Bills: If you’re living in a house without bills included, you need to make sure everyone is paying their share. There’s a lot of money on the line with bills, so it is really important to make sure that they’re split fairly and paid on time. There are a few different options for sorting out your bills. However, a lot depends on how well you know the people you’ve moved in with, and how reliable and trustworthy you deem them to be. You might decide that one person takes charge of the bills or divide the bills amongst you all. Whichever option you decide on, again, just make sure you all agree on this in advance.

Getting To Know Your Housemates

Back at university, the best way to get to know your new housemates was on a big night out. And after a week or so, it was probably fine to walk into their rooms, flop on their beds and chat until the early hours. However, once you’ve got a full-time job and a little more responsibility under your belt, having people bursting into your room at all hours is the last thing you want – personal space becomes far more important the older you get.

So, how do you get to know your flatmates without being intrusive? “It’s important to respect each other’s personal space,” Winwood says. “While respecting each other’s personal space sounds easy, it involves recognising and understanding what the term means to the other person. Allowing each other to settle can go a long way in establishing the beginning of friendships. Why not try some simple things such as making them a cup of tea if you’re boiling the kettle or asking if they want anything when you’re ordering a takeaway? Or just use your intuition: simply ask how their day is going and gauge from their response whether they want to engage.”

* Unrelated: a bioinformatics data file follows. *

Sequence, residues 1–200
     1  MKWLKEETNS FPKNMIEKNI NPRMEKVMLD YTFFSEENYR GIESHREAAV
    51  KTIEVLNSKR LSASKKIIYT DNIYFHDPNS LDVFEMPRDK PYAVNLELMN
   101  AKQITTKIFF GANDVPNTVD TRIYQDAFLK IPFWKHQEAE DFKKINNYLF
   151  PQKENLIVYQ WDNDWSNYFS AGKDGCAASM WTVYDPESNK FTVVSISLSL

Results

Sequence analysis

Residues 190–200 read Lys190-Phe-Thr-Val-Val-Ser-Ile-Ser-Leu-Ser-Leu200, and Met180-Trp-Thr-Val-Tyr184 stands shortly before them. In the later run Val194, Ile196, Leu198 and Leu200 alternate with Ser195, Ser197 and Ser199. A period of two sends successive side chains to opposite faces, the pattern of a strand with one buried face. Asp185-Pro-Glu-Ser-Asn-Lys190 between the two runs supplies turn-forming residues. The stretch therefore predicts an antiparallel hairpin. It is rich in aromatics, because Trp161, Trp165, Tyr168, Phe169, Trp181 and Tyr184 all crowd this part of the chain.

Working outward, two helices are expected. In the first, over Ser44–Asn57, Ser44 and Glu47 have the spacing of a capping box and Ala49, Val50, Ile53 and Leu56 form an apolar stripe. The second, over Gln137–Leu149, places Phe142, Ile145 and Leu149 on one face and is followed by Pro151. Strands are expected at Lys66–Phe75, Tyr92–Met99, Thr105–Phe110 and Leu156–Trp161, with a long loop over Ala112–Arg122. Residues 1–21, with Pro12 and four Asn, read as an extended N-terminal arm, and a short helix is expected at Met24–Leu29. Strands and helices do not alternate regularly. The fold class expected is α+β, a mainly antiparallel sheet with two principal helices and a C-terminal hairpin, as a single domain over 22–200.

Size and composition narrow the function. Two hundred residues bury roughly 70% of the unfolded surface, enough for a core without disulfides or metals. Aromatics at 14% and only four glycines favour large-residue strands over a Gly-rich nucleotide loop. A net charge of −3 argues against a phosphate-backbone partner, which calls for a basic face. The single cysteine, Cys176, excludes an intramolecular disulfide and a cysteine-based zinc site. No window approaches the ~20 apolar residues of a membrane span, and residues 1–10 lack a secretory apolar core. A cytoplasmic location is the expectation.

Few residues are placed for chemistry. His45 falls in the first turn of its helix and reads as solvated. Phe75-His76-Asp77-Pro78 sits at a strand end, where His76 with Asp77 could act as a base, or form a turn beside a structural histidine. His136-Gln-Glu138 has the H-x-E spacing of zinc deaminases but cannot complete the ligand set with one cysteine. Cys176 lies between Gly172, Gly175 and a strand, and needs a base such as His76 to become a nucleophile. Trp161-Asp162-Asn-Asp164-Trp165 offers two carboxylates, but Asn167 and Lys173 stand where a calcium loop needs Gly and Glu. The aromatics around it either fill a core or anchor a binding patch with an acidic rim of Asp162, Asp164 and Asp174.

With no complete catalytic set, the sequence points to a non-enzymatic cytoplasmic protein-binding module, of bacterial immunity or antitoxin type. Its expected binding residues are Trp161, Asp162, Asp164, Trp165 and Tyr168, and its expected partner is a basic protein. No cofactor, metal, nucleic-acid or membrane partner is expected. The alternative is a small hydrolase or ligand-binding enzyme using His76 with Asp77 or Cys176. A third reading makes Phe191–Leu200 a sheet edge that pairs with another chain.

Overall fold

Dealing With Stealing

There’s nothing more frustrating than knowing that someone’s been stealing your milk or nibbling on your cheese. But can we really get away with the pettiness of drawing lines on everything we own? It’s not a great look. Winwood says its key not to overreact in these situations: are they just taking a little bit of your food every once in a while, or are they eating your food as if it is their own? The former doesn’t really have much of an impact on your life in the grand scheme of things. But if it’s the latter, he advises approaching with caution.

“Bring up the topic close to the time it happened,” he says. “Mention that you’d noticed some of your food had been eaten and you’d appreciate if you were asked first. Be considered in your approach, especially if you’re not 100% certain on who is taking your food.”

Personality Is Key

Openness, diplomacy, fairness, equality, kindness and honesty are the top personality traits Winwood feels makes a great housemate and creates a happy and harmonious house. And while, of course, not everyone’s perfect, it’s important to make sure you and your housemates share a similar outlook and values. “That’s why it’s so important that once you’ve learnt about a person, you can talk through the house rules, the dos and don’ts, and openly discuss whether you’re both happy with the situation.”